Breast Cancer Survivor

Survivor strives To make others look special

Kathy Dibben is a contemporary Renaissance woman. She lives on a 14-acre hobby farm in Smithville, Mo. (a suburb of Kansas City), and previously had a career in banking and finance. She and Bud (Bradley) are married with five children and 10 grandchildren between them.

Along the way, her life took an unforeseen turn when first her mother, then her cousin and finally she was diagnosed with breast cancer. Kathy fought back and her cancer went into remission. Then in 2002, she had an unexpected second cancer. Today, she’s had no sign of cancer for eight years and is a cancer survivor.

In 2007, at the age of 54, she opened a specialty shop called Absolute Dignity. The shop features a wide variety of products for breast cancer patients. (http://www.myspace.com/absolutedignity)

 

I am determined that everyone who comes in my store should feel special while they are here. As a survivor, I feel a responsibility to help other women through this journey. They all have a story.

My story began in 1990 when I was diagnosed with breast cancer the first time. I felt a lump in one breast about a month before I did anything about it. Instead, I went on a work trip, and when I returned, I learned that my cousin Ann was scheduled for breast surgery. It turned out to be cancer.

While our family was in Ann’s hospital room, her doctor came in and asked the women in the room if they had recently had a mammogram. When I told him that I had not scheduled one yet but that I did have a lump (and that my mother had died from breast cancer seven years earlier), he asked me who my doctor was. Right then he picked up the phone and called my doctor who scheduled an appointment for me that very day.

During the next few days, I had multiple mammograms and had to wait and wait for results. I kept thinking, “I am only 37. Breast cancer is not supposed to affect you until after 40.” When my surgeon finally told me that it was breast cancer and that I needed to have surgery immediately, I was actually relieved to get the diagnosis.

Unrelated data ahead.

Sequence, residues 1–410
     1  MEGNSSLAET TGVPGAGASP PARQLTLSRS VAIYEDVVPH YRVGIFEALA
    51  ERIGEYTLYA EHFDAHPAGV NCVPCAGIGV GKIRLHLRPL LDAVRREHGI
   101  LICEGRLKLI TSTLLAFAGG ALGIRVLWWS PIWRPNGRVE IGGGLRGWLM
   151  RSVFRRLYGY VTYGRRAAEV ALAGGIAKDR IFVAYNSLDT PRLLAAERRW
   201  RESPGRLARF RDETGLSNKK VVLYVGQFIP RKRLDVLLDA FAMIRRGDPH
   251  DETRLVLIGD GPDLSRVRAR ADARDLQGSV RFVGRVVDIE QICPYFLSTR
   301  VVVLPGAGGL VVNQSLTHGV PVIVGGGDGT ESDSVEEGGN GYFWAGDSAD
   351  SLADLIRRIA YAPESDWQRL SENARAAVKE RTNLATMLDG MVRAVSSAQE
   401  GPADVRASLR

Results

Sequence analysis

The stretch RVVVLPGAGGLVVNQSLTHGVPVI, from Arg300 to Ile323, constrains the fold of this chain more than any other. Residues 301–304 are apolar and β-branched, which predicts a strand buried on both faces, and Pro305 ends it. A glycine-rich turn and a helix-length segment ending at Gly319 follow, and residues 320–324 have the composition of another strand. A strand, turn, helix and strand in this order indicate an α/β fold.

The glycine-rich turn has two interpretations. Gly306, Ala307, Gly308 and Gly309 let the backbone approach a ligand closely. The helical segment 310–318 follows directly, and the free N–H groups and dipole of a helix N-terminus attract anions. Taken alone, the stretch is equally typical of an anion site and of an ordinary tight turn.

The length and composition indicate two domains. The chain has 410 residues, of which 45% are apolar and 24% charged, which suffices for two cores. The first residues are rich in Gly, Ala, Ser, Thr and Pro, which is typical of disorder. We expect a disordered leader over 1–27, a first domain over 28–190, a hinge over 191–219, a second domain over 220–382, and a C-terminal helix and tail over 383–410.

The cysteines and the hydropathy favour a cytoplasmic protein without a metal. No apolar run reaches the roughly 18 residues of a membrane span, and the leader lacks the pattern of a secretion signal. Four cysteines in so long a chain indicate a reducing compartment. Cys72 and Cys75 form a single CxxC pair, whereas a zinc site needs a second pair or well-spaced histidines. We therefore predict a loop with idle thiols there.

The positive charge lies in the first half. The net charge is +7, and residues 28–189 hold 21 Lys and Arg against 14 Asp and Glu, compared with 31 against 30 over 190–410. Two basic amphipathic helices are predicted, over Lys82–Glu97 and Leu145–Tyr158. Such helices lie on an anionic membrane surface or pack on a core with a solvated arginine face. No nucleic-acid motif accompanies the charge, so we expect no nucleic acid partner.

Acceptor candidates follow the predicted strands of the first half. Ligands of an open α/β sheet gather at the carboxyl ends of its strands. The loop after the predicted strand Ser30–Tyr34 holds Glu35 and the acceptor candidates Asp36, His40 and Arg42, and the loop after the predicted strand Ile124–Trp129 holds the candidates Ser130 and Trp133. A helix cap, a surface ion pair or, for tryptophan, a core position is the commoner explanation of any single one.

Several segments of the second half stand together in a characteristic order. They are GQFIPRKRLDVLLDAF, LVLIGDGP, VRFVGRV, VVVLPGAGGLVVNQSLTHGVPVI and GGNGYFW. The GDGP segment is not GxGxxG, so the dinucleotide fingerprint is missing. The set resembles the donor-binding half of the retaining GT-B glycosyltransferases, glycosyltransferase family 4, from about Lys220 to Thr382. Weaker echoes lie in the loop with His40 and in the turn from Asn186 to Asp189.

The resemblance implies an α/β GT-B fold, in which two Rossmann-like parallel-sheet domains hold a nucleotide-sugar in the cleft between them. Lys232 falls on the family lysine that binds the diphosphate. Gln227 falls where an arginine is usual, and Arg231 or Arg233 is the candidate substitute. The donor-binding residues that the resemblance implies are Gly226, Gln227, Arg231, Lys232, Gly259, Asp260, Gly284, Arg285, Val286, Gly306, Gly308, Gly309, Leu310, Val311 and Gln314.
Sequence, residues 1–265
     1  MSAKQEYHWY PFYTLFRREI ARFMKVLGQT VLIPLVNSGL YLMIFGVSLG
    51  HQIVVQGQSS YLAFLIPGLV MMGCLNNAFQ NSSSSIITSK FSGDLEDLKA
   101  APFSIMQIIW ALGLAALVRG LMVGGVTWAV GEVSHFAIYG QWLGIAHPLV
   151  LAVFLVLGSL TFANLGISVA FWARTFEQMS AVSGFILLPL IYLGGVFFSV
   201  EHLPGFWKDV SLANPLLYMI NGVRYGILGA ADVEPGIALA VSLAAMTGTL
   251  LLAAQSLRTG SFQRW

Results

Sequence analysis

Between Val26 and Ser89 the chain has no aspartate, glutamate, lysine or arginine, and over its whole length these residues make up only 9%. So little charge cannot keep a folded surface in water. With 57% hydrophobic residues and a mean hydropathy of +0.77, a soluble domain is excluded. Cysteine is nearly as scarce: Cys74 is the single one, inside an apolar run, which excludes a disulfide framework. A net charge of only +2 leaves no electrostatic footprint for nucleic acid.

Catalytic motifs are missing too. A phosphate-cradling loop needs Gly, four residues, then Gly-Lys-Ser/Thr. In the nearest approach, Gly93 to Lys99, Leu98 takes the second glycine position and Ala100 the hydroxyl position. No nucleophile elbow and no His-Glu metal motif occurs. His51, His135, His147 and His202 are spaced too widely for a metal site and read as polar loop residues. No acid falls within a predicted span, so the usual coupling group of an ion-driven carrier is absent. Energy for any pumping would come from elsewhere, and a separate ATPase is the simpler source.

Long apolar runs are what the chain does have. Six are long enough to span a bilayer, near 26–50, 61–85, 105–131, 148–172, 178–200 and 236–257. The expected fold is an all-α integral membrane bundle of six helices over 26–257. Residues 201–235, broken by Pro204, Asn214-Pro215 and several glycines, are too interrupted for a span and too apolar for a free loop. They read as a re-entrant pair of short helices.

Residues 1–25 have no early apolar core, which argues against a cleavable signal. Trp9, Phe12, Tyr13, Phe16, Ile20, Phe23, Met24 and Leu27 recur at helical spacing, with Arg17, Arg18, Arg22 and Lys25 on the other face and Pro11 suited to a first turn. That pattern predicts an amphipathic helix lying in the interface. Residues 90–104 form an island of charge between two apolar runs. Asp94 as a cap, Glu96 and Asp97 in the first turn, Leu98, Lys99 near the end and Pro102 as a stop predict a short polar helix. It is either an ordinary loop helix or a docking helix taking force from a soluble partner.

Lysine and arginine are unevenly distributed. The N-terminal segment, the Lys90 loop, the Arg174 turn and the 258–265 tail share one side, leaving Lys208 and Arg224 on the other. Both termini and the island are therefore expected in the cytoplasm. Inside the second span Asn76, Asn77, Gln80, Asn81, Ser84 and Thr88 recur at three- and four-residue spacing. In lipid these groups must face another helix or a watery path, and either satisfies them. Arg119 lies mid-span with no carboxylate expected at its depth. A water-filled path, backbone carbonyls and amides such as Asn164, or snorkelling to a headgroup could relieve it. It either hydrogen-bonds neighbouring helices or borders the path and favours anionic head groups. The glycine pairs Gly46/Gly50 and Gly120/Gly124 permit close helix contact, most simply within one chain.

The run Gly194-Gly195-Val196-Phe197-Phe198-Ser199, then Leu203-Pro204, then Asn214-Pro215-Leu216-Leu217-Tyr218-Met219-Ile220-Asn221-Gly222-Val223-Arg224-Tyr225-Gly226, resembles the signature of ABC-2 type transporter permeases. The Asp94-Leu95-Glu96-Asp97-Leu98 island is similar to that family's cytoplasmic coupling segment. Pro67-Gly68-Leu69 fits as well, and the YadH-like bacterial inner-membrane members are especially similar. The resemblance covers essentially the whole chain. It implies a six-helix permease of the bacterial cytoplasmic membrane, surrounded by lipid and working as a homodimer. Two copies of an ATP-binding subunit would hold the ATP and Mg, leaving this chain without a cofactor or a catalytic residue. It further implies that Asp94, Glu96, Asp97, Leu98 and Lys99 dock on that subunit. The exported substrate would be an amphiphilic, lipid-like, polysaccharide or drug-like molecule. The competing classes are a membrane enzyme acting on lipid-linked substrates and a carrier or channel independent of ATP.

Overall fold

That may sound crazy to some, but the waiting and not knowing was nearly unbearable. Now that I knew, I could do something about it. I had an initial lumpectomy and then a second surgery in which the doctors removed 23 lymph nodes. I don’t remember if they staged my cancer in 1990, but the first four nodes were found to be positive for cancer.

Only a week passed from the time I was sitting in Ann’s hospital room to when she was sitting in mine. She and I went through all our treatments two weeks apart. We both had surgery, chemotherapy and radiation therapy. We didn’t get second opinions. We didn’t question our doctors — even when one of them told me I had a 25 percent chance of surviving five years. We did what they recommended. Sadly, Ann passed away two years after her diagnosis -— and I’m fortunate to still be here 20 years later.

After all my treatments, thankfully, I was cancer free. I continued to go for my yearly mammograms. My doctors routinely took biopsies of anything suspicious, and the pathology reports always showed no cancer. So after 12 years, I was very surprised to find that I had cancer again — this time in my other breast. I chose to have a bilateral mastectomy and not have any more radiation or chemotherapy or breast reconstruction surgery.

In 2008, I had the honor of being asked by General Mills to be a Pink Together Ambassador as part of the company’s Pink Together campaign. I was one of five women whose photographs appeared on millions of cereal boxes and snacks to raise awareness of breast cancer. The goal is to continue to give other women hope.

In 2003, when I had to find a mastectomy swimsuit for a trip to my son’s wedding in Cancun, I began to dream of opening a specialty store for breast cancer patients. I could find only one store in all of Kansas City that had any of these specialty suits. I thought to myself that someday I was going to have a store where women who had been diagnosed with breast cancer could come and buy swimsuits, wigs, hats and post-surgery products that made them feel beautiful.

When I had the chance to open my store, it was the fulfillment of my dream and a sort of ministry. Throughout this journey, my faith and my church, along with Bud and my family, have sustained me. In turn, I remind other survivors that we are all pulling for them — they are not alone. When people come into my store, no one leaves without a hug.

 

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